16:03 24 February 2013
When people are approaching retirement, they usually take out their pension and buy annuity so they’ll receive regular monthly incomes.
However, other people consider other options. One of them is pension drawdown. Let me explain how it works: Some pension schemes allow a contributing member aged between 50 to 75 years old to keep their pension fund in investment vehicles rather than buying annuity. This is what we call pension drawdown.
Pension drawdown is a great option if the annuity rates are low. The fund-holder can delay the purchase and enjoy better earnings if the pension investments are performing really well.
Another great advantage of pension drawdown is that it leaves residual pension plan that can be passed on to surviving relatives in case of death.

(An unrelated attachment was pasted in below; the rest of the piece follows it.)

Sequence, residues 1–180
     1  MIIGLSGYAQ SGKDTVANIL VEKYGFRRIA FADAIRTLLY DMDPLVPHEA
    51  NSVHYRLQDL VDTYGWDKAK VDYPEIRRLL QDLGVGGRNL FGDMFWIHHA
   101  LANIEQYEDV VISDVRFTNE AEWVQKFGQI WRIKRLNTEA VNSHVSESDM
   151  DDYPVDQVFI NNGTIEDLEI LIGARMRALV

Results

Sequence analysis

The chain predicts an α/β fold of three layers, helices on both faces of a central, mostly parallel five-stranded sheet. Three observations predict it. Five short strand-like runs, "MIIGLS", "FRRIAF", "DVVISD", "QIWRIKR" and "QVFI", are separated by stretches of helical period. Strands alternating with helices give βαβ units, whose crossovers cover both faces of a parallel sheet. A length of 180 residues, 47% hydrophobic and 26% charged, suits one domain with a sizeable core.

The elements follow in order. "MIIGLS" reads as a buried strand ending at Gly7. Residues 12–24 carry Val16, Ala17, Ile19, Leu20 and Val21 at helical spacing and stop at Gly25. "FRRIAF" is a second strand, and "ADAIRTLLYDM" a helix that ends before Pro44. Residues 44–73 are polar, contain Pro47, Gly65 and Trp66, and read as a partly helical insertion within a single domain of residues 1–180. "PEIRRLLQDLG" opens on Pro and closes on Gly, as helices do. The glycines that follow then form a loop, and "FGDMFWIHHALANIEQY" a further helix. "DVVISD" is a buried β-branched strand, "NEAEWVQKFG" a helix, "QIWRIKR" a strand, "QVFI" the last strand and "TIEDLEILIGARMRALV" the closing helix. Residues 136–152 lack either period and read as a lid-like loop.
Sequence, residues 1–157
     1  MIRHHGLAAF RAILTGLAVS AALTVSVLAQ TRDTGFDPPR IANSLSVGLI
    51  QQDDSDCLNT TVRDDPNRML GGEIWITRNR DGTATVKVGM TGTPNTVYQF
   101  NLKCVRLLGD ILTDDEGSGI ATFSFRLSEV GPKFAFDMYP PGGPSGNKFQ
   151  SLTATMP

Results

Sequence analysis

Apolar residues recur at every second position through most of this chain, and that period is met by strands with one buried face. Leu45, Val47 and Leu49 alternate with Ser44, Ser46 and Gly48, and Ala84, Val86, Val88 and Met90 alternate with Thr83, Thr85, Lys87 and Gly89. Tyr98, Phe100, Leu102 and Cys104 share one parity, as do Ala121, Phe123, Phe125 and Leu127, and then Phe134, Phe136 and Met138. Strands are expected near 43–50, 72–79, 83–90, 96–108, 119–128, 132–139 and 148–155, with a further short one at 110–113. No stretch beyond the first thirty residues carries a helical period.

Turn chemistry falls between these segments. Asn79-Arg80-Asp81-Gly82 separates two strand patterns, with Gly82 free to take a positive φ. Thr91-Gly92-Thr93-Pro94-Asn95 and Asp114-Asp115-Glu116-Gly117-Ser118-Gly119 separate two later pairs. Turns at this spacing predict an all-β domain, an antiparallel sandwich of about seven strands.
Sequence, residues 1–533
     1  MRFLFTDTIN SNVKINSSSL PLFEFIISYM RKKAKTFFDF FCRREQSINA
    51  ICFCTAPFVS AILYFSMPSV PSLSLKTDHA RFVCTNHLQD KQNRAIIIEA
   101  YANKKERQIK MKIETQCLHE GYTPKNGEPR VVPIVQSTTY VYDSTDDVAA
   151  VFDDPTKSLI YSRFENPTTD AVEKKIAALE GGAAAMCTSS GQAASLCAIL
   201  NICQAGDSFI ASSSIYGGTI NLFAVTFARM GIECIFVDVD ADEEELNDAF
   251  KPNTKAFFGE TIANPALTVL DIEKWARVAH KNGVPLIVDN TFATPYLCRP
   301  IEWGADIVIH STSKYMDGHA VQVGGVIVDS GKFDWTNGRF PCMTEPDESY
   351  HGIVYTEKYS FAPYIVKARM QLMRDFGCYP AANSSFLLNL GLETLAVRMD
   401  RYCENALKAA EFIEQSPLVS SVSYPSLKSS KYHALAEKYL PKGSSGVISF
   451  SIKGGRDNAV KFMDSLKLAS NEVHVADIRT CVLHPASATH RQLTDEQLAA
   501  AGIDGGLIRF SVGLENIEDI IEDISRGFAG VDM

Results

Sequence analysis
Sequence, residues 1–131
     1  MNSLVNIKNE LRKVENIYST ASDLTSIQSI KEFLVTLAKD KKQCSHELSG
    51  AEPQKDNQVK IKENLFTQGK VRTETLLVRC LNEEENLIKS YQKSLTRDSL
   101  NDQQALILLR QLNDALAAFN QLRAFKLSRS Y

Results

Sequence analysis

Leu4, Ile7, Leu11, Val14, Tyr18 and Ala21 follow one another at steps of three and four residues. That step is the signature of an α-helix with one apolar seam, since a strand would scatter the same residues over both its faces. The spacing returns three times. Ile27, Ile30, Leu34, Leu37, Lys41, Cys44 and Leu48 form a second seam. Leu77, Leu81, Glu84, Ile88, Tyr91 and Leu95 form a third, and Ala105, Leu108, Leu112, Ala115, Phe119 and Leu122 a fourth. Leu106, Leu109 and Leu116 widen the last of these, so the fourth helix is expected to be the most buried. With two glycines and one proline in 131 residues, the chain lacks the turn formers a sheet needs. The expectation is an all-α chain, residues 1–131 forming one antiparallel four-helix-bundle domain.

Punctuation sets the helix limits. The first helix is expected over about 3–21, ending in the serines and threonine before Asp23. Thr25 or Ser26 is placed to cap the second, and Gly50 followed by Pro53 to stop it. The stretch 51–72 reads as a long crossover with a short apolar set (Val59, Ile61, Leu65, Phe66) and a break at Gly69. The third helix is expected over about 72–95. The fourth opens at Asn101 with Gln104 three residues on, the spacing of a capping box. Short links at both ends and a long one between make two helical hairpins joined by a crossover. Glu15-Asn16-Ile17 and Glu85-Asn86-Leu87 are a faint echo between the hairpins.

The residual pension must be converted into annuity when you reach the age of 75. By this time, you’ll most likely to get attractive rates.
Pension drawdown comes with risks. If the performance of residual pension fund isn’t great, the remaining fund may not be enough to buy the eventual annuity.
Another disadvantage is that, pension drawdown isn’t for everyone. This is only recommended for those fund-holders with sizeable pension fund.
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